How well are you adulting in recovery? Have you ever been told to just “grow up?” Have you ever felt totally lost doing something your peers seem to be experts in? There’s so much out there to learn!

That’s why Lindsey Glass gathered 100 of the best tips she learned while growing up in recovery from sponsors, mentors, therapists, and other professionals and turned them into a life hack book: 100 Tips For Growing Up – My 20 Years Of Recovery. We bet there’s something here that you aren’t even sure of. Take the quiz to see how well you’re adulting in recovery.

  1. 1 How can you improve your inner dialogue

    1. Become aware of what you're saying to yourself and note when you talk to yourself negatively
    2. Ask yourself if what you're saying to yourself is nice; if it's true; and if it's necessary. Decide if you would talk like that to anyone else
    3. Both
    Correct!
    Wrong!

    Both

    It's important to realize when you're talking to yourself negatively. This only promotes sadness and anger - what we're all trying to experience less of. Try figuring out what triggers those negative thoughts about yourself and consider thinking about or writing down your positive attirbutes. Don't beat yourself up. 

  2. 2 Which is NOT a reason to examine your behavior

    1. It can help you better understand other people's reactions or feelings towards you
    2. It can help you realize how important you are to everyone and lead you to feel the need to solve EVERY problem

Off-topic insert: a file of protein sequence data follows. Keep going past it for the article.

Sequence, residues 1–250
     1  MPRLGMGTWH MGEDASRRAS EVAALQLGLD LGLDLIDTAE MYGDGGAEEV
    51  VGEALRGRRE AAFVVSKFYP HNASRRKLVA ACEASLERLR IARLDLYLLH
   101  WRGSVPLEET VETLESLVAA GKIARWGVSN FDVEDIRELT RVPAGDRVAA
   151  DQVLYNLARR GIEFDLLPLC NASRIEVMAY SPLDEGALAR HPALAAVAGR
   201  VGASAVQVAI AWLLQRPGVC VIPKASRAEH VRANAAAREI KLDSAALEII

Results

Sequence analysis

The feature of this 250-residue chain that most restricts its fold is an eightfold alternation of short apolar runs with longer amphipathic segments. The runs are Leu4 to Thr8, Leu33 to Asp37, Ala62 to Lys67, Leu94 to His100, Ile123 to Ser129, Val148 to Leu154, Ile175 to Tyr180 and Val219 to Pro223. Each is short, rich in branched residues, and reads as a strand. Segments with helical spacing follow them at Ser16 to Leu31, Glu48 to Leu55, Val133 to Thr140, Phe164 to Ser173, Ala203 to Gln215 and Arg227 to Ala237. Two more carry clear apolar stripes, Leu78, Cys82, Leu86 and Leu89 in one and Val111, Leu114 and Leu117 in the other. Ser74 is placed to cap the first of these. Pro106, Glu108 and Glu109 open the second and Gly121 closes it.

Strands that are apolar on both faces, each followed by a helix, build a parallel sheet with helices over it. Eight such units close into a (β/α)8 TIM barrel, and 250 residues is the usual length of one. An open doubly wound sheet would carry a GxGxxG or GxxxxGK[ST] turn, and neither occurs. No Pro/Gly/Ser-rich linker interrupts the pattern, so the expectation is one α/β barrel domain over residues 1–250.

3. It can help keep you in check and aware of how your behavior is affecting yourself and those around you
    Correct!
    Wrong!

    It can help you realize how important you are to everyone and lead you to feel the need to solve EVERY problem

    It's important to realize that we're all human and we can't all fix everything. It's also good to acknowledge that we aren't perfect and can also be the source for drama. As Lindsey notes in her book, this work is best done with a therapist or a sponsor or a coach. 

  3. 3 How can you manage triggers

    1. Journal your triggers to better understand the source of them
    2. Talk to someone safe before going to an event/place that may trigger you and then talk to a safe person afterwards
    3. Both
    Correct!
    Wrong!

    Both

    It's a lot easier to manage feelings and important information when it's written down. So, journaling or listing triggers is a great way to stay organized and help you keep track. It's also important to understand how to keep your head straight before and after attending an event or seeing someone that may trigger you. 

    Or, maybe, you may just avoid certain places altogether. Nightclubs and bars may not be the best hangout for you anymore because of the triggers inside. Find that comfort zone with people, places, and things. 

  4. 4 True or False: Anxiety, depression, and addiction encourage you to stay isolated and avoid help

    1. True
    2. False
    Correct!
    Wrong!

    True

    It's difficult to fight through the need to isolate yourself. But in recovery, it's vital to establish relationships. Build and 

  5. 5 What is an acceptable way to get help

    1. Google what you need. If you need a coach or a trainer, search for one in your area.
    2. Go to someone from your past - even if they're a negative influence, they know and understand you, right?
    3. Don't ask for help. You can figure it out on your own.
    Correct!
    Wrong!

    Google what you need. If you need a coach or a trainer, search for one in your area.

    You should never be afraid to ask for help. If you don't know how to do something or where to go for something, as your sponsor for help or a responsible, helpful friend who you know you can rely on. If you don't get much of an answer, turn to Google. The internet can help you find answers. 

  6. 6 How do you find a mentor